The Montreal Protocol: Fit for Hydroflurocarbons

Author:Veronica Kennedy
Position:J.D. candidate, May 2014, at American University Washington College of Law
Pages:25-25
 
CONTENT
25WINTER 2012
continued on page 62
THE MONTREAL PROTOCOL: FIT FOR
HYDROFLUROCARBONS
by Veronica Kennedy*
As the most successful environmental treaty to date, the
Montreal Protocol1 is the prime arena for implementing
policy to reduce hydrofluorocarbon (“HFC”) emissions
and mitigate the threat of climate change.2 The Montreal Protocol
began phasing out chlorofluorocarbon (“CFC”) production and
consumption in 1989 and has since stopped, and even reversed,
destruction of the ozone layer.3 Hydrochlorofluorocarbons
(“HCFCs”) were produced to replace the highly ozone-depleting
CFCs because of HCFCs’ reduced ozone depleting potential.4 To
completely phase out all ozone depleting substances (“ODSs”),
industrial gas producers introduced HFCs to replace HCFCs.5
Although HFCs have no ozone depleting potential, they have
thousands of times the strength of carbon dioxide to warm the
earth, known as “global warming potential.”6 HFCs, like HCFCs
and CFCs before them, are used in refrigeration and air condition-
ing, solvents, foam production, sterilization, fire extinguishing,
and aerosols.7 The next phase is to replace HFCs with gases
that have low to no global warming potential. Based on current
replacement technology, the treaty’s historical and political suc-
cess, and its legal framework, the Montreal Protocol should
house the HFC phase out to reduce greenhouse gas emissions.
Low to no global warming potential replacement gases are
currently available in each sector of the market.8 Carbon diox-
ide, hydrocarbons, and ammonia are currently used in Europe
and Asia to replace HFCs in foams, refrigeration, and air condi-
tioning.9 Even so, the availability of these alternatives warrants
the Parties to the Protocol to create an HFC phaseout schedule,
forcing the market away from HFCs towards these alternatives.
Furthermore, the treaty’s historical and political success
shows that adding an HFC phaseout schedule is politically
feasible. In 1987, twenty-four countries signed the Montreal
Protocol agreeing to control eight chemicals.10 Today, the treaty
is universally ratified and controls 100 chemicals.11 Much of this
success is due to the flexible legal framework discussed below.
The increase in the number of chemicals for which it provides
phaseout schedules shows that HFCs can be added to the list.
In addition, last November, 108 countries indicated their sup-
port for an HFC phaseout by signing a request for action to cap
HFC consumption.12
The treaty’s legal framework is also conducive to an HFC
phaseout schedule. The Protocol successfully relied on the prin-
ciple of common but differentiated responsibility (“CBDR”) to
bring developing countries on board, allowing these nations an
extended grace period to phase out ODS.13 It also established
assessment panels, which provide the Parties the best available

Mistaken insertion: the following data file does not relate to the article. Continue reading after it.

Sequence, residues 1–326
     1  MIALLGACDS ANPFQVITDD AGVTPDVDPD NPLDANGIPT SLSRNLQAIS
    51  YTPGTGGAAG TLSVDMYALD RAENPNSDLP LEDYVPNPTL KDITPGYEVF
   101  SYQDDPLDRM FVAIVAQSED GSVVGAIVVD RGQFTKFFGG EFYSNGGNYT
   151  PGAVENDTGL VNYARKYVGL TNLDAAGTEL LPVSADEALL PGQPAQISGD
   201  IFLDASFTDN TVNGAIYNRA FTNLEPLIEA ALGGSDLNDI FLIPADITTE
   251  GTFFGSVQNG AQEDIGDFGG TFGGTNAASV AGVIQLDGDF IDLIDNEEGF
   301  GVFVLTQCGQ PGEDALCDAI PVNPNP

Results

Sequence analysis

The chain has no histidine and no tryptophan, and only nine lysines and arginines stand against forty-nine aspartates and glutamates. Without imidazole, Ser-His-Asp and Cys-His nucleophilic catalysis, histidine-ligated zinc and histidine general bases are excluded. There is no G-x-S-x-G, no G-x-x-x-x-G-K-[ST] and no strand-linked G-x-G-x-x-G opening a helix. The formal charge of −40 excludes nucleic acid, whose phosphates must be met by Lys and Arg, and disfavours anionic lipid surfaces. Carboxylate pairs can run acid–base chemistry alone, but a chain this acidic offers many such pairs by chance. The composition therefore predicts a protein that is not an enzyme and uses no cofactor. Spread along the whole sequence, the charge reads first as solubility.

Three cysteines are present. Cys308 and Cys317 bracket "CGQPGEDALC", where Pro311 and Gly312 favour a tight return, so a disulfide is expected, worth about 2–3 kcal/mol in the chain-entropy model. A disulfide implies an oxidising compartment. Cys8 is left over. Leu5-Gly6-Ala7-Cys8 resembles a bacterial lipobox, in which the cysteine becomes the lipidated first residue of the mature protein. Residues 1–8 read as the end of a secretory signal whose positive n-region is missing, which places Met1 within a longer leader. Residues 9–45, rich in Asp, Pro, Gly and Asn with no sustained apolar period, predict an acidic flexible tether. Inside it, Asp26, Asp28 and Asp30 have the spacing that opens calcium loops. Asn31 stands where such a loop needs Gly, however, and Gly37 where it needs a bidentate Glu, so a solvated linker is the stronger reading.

information for decision-making.14 These principles could also
be applied to an HFC phase out. CBDR could bring financial
and technology transfers to developing countries to aid the
phase out of HFCs without stretching already-limited budgets,
similar to the current Multilateral Fund process.15 Assessment
panels, which allowed Parties to quickly control new chemicals,
could continue to provide the latest scientific information
on replacement gases to HFCs, allowing for stricter control
measures on HFC use.16
The Montreal Protocol was successful in reacting to the
threat of ozone depletion. Since its initial ratification, it has
enabled the Parties to reduce over ninety-seven percent of global
consumption of controlled ODS.17 Considering the replacement
technologies available, the success of the treaty, and its flexible
legal framework, the Montreal Protocol is the best context under
which HFC consumption can be reduced to start mitigating the
threat of climate change.
Endnotes: The Montreal Protocol: Fit for Hydroflurocarbons
1 Montreal Protocol on Substances that Deplete the Ozone Layer, Sept. 16,
1987, 27 U.N.T.S. 1522.
2 Climate Politics Delay Phase-Out of Super Greenhouse Gases by Montreal
Protocol: India, China and Brazil Thwart Action on HFCs, CLIMATE CONTROL
CO. ASSN (Jan. 22, 2012, 8:23PM), http://www.ccca.org.nz/news/10/15/
Climate-Politics-delay-Phase-out/.
3 The Montreal Protocol on Substances that Deplete the Ozone Layer: The
Evolution of the Montreal Protocol, UNITED NATIONS ENVT PROGRAMME [UNEP]
OZONE SECRETARIAT (Feb. 19, 2012, 10:31PM), http://ozone.unep.org/new_site/
en/montreal_protocol.php.
4 U.S. ENVTL. PROT. AGENCY [U.S. EPA], INVENTORY OF U.S. GREENHOUSE
GAS EMISSIONS AND SINKS: 1990–2009 62-63 (2011); U.N. Env’t Programme
and World Meteorological Org., Intergovernmental Panel on Climate Change
[IPCC], Intergovernmental Panel on Climate Change, Changes in Atmospheric
Constituents and in Radiative Forcing in Climate Change 2007: The Physical
Science Basis, 212 (S. Solomon, et al. eds., 2007) (providing HFC-23’s GWP
as 14,800).
5 U.S. EPA, supra note 4.
6 Id.
7 Id.
8 ENVTL. INVESTIGATION AGENCY, THE MONTREAL PROTOCOL IN 2011: DYNAMIC
ACTION FOR OZONE AND CLIMATE PROTECTION 10 (Feb. 20, 2012), http://www.
eia-international.org/wp-content/uploads/EIA_2011_OWEG.pdf.
9 Id. at 10-12.
* Veronica Kennedy is a J.D. candidate, May 2014, at American University
Washington College of Law.